Insurance policy audits are conducted yearly for all businesses.
Preparing for the audit can make the difference between a ‘bad audit’ experience or a good one. Avoid the potential stress, lost productivity, increased premiums, or possible policy cancellations by preparing for your audit.
What is an insurance audit?
Policies are audited to ensure that the premium charged by the insurance company reflects their actual exposure, which was estimated at policy inception.Insurance audits are performed by employees of the insurance company or independent auditors hired by the insurance company; in some cases, forms will be sent to the business for a ‘self-audit process. In all cases, the business must prepare information and utilize the time of its employees to respond to the audit. The level of personnel required varies based on the company’s size. Personnel required might include the Office Manager, Accounting Manager, Controller, or external CPAs. Data is collected and provided to the insurance auditor by the company personnel.
What is the auditor looking for?
Insurance companies audit certain Liability policies and ALL Workers’ Compensation policies. The audits collect exposure information estimated when the policy was written and compares it to the actuals. This data is then used for determining and adjusting premium amounts. Information typically (though not exclusively) required includes the following:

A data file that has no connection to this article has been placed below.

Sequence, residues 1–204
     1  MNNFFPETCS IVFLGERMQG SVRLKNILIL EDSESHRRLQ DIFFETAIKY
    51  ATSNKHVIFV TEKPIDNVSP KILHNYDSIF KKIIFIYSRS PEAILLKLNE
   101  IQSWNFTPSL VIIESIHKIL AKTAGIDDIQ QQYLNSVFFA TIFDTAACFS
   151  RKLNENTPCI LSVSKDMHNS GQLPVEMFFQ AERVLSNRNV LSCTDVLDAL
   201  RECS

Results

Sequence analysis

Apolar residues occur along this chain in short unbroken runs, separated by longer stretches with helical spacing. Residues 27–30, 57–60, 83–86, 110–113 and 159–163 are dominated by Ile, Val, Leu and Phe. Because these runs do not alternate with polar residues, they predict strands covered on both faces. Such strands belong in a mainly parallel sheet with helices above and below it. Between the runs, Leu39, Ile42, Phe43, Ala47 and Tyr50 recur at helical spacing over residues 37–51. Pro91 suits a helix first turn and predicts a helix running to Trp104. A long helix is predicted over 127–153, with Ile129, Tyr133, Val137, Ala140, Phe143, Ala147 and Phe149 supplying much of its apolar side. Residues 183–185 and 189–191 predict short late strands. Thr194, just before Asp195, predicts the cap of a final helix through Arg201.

- Liability Policies
- Gross company sales
- Independent contractor costs (insured and uninsured)
- Payroll for certain types of exposures
- Workers’ Compensation Policies
- Actual employee payroll
Cost of independent contractors if no certificate or proof of other coverage is provided This information may be in the form of payroll records, Federal Form 941, Financial Statements, Check Registers, and Certificates of Insurance from contractors/vendors. A company’s use of contractors can be determined by the information disclosed in the financials or check register. Contractors/Vendors that do not have valid insurance certificates proving independent coverage will be added to the company’s exposure totals. Not only do they possibly uninsured contractors/vendors increase a company’s exposure to loss, but they can also cause significant increases in their premiums.
What makes for a ‘good audit’ experience?
The main requirement for a ‘good audit’ experience is having all the information requested readily available for the auditor when they arrive on the premises. This includes easy access to contractor certificates of insurance demonstrating that the coverage is current and meets required limit levels. The upfront preparation and organization by the company can prevent ongoing audit responses and adjustments later on. Another ‘good audit’ experience is no surprises such as large premium adjustments, amounts due, or returns after the audit is complete.